showing up

the most important role

 

*

 

on the road to bald-faced

the joy on the path

so true

 

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for Jack Ridl

 

 

My friend Jack is really St. Peter.

I trust him. He has a knack

for finding the good in people,

 

for bringing it out. He has a way

of creating Eden out of a blank page,

out of a living room, out of pixels.

 

He knows the gate to paradise

is right here. He knows how to say,

“Fuck death.” He knows how to love

 

the world, how to hold those

who need to be held, how to care.

I am not always so sure I believe

 

in God, but I always believe in Jack.

Sometimes when I ache, when

I don’t know how to write another word,

 

Jack will send me a note. He’ll say

something like, “Grief is an ambush,”

and then, just knowing he understands,

 

I go on. I watch the willows turn yellow.

And Jack is here, too, holding open the pearly gate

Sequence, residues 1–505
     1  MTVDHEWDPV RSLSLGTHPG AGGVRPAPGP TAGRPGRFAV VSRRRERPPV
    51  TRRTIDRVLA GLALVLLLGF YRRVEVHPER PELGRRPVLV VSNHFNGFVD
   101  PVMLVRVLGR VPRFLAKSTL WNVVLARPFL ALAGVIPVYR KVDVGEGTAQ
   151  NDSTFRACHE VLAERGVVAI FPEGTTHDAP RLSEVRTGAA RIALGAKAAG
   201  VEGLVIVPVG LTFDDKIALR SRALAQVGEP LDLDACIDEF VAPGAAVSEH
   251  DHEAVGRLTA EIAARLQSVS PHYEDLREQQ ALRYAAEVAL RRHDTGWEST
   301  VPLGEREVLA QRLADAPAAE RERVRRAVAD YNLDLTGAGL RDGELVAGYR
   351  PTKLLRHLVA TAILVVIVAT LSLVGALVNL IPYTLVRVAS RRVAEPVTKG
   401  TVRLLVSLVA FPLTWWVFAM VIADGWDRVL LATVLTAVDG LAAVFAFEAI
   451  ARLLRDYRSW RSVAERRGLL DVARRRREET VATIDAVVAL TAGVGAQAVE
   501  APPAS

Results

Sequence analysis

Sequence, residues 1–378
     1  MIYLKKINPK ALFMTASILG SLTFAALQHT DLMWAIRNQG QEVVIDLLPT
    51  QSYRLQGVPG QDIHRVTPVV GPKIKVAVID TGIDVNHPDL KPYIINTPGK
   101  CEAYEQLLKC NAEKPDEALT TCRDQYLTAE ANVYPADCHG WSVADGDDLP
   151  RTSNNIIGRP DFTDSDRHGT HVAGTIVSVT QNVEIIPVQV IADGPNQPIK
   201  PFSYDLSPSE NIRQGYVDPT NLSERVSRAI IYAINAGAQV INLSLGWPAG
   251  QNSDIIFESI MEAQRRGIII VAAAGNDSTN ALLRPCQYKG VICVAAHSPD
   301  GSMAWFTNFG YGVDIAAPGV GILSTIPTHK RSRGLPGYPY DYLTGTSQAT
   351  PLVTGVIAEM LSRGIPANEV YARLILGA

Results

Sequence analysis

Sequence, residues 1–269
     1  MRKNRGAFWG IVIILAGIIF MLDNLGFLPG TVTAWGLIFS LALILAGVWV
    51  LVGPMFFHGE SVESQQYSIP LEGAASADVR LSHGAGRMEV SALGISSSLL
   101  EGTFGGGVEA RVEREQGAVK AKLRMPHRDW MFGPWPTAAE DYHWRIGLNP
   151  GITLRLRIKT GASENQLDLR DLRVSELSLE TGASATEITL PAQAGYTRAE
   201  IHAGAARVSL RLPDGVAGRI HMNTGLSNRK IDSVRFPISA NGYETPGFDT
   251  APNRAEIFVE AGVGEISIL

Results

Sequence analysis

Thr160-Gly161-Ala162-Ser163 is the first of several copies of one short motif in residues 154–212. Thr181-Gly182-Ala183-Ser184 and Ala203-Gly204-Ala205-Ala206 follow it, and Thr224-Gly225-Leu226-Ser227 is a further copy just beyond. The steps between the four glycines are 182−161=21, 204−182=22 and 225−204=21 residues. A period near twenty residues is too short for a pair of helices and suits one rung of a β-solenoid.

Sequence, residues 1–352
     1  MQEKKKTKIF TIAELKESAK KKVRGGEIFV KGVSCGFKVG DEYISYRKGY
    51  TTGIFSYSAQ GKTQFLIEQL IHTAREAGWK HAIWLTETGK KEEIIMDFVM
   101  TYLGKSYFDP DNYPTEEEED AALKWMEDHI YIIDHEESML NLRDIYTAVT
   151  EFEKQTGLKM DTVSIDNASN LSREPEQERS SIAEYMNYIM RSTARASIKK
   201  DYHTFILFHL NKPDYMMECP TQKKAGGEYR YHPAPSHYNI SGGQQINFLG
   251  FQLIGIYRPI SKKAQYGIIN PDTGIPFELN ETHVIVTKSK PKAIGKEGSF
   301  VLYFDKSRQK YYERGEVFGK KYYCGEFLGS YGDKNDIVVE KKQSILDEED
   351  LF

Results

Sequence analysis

so that heaven will slip through to this world.

 

He’s got his cup of coffee ready, and one for you

and me, too, to toast to all the beauty that is,

to all the beauty still left to be made.

 

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What One Evening Can Do

 

for Christie and Dave

 

 

Tonight, just when I am ready

to believe the news and give up

on humanity, someone I love invites me

to her home and fills my glass

with wine that her husband has made.

 

And the husband brings me plates of cheese

and crackers and tomatoes he grew

in his garden, and they tell me stories

about travel and books, and they give me

a bed with clean white sheets

 

and a tall glass of good cold water

and an open window to let in the breeze.

All night the coyotes sing in the canyon,

a reminder of the wild nature of things,

and in the moments before sleep, I feel certain

 

that the world is good, that we are here

to take care of each other and the land

we live on, that one beautiful act will inspire

countless more, and that love can change

everything, All night, the coyotes sing.